1969 Aston Martin DB6 Mk I Vantage Sports Saloon

Courtesy of Bonhams

The culmination of Aston Martin’s long-running line of DB 6-cylinder sports saloons and thus considered by many to be the last real Aston, the DB6 had been introduced in 1965, updating the DB5.

Although recognizably related to the Touring-styled DB4 of 1958, the DB6 abandoned the Carrozzeria Touring-developed Superleggera body structure of its predecessors in favour of a conventional steel fabrication while retaining the aluminum outer panels.

Increased rear-seat space was the prime DB6 objective, so the wheelbase was now four inches longer than before, resulting in an extensive restyle with a more-raked windscreen, raised roofline and reshaped rear quarter windows. Opening front quarter lights made a reappearance, but the major change was at the rear, where a Kamm-style tail with spoiler improved the aerodynamics, greatly enhancing stability at high speeds. These many-dimensional changes were integrated most successfully, the DB6’s overall length increasing by only two inches. Indeed, but for the distinctive Kamm tail, one might easily mistake it for a DB5.

The Tadek Marek-designed 6-cylinder engine had been enlarged to 3,995 cc for the preceding DB5 and remained unchanged. Power output on triple SU carburetors was 282 bhp, rising to 325 bhp in Vantage specification, complete with triple Webers. A Borg-Warner automatic transmission was offered alongside the standard ZF five-speed gearbox, and for the first time, there was optional power-assisted steering.

A home-market model manufactured to Vantage specification, complete with the 5-speed manual gearbox, DB64012R was ordered with a Waso steering lock, front seat belts, fog lamps, chrome road wheels, heated rear window, three-ear spinners, a 3.73:1 limited-slip differential, power aerial and Avon tires. Manufactured in April 1969, the car was delivered to Wilmslow Garages Limited of Wilmslow, Cheshire, and registered shortly thereafter to its first owner, Mr. John Henry Parry.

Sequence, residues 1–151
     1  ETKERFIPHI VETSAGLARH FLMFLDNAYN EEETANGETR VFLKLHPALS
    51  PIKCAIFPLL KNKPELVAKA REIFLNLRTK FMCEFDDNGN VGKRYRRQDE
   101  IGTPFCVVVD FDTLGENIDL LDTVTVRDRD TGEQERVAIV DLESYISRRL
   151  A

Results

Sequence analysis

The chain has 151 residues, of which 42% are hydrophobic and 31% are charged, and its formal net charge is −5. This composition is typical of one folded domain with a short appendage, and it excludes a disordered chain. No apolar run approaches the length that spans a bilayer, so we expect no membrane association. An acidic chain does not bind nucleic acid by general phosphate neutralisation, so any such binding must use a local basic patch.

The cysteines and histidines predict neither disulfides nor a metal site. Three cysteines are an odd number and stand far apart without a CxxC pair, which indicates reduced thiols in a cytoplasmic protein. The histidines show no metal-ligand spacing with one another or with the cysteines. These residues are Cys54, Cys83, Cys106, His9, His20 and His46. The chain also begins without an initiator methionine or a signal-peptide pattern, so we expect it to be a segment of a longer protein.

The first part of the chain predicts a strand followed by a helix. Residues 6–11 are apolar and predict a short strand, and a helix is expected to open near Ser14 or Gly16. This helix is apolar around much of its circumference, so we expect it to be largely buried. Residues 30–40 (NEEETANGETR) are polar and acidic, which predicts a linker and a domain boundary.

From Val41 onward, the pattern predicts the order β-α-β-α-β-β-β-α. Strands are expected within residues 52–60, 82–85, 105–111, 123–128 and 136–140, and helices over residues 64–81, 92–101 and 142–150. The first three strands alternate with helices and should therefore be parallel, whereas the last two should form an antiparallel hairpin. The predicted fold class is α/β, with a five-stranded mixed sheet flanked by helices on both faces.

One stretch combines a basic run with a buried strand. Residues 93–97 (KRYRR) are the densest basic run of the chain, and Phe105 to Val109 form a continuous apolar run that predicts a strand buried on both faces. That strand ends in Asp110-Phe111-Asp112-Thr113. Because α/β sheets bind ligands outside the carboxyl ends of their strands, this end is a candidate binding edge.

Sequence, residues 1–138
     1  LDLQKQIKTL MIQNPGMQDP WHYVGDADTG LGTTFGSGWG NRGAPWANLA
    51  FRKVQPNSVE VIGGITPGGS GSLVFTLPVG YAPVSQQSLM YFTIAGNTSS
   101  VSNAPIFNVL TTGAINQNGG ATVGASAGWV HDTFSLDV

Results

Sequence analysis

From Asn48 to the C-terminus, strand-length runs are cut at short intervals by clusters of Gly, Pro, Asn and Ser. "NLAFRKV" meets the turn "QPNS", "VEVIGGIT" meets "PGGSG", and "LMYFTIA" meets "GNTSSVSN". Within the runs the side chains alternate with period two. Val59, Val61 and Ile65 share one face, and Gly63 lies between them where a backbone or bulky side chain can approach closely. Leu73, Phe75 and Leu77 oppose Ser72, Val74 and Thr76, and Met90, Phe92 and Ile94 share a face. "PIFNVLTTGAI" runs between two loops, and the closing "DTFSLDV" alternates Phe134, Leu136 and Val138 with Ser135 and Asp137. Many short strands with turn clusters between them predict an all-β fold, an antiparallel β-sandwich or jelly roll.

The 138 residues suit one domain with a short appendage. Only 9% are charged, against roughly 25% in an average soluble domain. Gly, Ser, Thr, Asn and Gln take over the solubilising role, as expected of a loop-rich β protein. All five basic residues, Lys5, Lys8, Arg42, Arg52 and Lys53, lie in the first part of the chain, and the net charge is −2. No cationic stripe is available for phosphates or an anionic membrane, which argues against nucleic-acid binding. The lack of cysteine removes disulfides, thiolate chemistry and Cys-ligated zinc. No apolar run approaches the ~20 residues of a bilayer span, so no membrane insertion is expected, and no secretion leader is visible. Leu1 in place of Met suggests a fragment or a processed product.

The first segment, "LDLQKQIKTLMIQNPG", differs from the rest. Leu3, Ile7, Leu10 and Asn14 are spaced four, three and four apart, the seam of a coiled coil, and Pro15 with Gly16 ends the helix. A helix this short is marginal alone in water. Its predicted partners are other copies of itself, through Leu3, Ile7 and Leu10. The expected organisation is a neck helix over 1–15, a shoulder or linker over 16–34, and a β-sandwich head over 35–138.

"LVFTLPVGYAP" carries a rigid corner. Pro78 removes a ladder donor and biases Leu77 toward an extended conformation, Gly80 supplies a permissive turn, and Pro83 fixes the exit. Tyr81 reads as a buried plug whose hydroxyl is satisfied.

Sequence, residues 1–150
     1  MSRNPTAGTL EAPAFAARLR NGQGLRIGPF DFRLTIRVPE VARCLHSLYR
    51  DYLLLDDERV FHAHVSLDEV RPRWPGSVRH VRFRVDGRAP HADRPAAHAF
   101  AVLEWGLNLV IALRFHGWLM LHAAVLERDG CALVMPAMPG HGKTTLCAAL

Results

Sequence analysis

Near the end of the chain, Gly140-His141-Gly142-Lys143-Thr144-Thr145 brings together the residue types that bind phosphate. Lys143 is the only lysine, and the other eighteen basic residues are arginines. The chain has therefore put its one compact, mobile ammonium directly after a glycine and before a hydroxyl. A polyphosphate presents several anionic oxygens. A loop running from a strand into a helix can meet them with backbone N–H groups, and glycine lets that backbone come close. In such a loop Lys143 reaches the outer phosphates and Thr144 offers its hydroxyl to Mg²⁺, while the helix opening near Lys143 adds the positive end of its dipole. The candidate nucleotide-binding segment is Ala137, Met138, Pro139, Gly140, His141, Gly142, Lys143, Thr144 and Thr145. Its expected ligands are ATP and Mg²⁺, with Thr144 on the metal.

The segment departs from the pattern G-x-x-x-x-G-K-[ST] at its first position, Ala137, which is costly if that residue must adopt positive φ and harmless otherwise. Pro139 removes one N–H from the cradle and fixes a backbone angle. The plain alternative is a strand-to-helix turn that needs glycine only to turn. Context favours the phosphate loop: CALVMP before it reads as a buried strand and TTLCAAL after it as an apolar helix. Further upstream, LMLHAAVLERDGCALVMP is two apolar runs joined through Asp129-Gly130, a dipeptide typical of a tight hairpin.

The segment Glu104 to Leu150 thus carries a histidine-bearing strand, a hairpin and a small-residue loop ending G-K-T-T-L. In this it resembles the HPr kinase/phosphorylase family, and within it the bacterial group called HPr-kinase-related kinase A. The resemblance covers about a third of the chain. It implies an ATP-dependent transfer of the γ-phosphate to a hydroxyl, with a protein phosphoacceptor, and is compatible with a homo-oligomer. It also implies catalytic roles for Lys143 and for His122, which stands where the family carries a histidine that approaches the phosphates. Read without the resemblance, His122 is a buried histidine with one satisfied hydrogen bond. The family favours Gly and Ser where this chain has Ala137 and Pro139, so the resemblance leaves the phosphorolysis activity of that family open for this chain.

In 1983, Mr. Parry reluctantly decided to sell, and an advertisement was placed in the Sunday Times. The low mileage noted and registration number listed in the advertisement caught the attention of the current owner’s father, and a deal was done subject to inspection by the factory.

Approximately 20 years ago, the car’s purchaser passed it to his son, who offers it today with a full file including registration documents going back to, and including, Mr. Parry’s original green logbook; the owner’s manual, service book and warranty card supplied with the car when new; correspondence with Aston Martin Lagonda Ltd. and various independent marque specialists; a substantial quantity of expired MoT certificates and tax discs; and all invoices for works carried out while in the current family ownership.

Throughout its time with the current owner’s family, the DB6 has been stored in a climate-controlled garage beneath a fitted cover, and is presented today in essentially the same condition as when purchased.

Paul Hardiman

Paul Hardiman - SCM Senior Auction Analyst - %%page%%

Paul is descended from engineers and horse thieves, so he naturally gravitated toward the old-car marketplace and still finds fascination in the simpler things in life: looking for spot-weld dimples under an E-type tail, or counting the head-studs on a supposed Mini-Cooper engine. His motoring heroes are Roger Clark, Burt Levy, Henry Royce and Smokey Yunick — and all he wants for next Christmas is an Alvis Stalwart complete with picnic table in the back and a lake big enough to play in.

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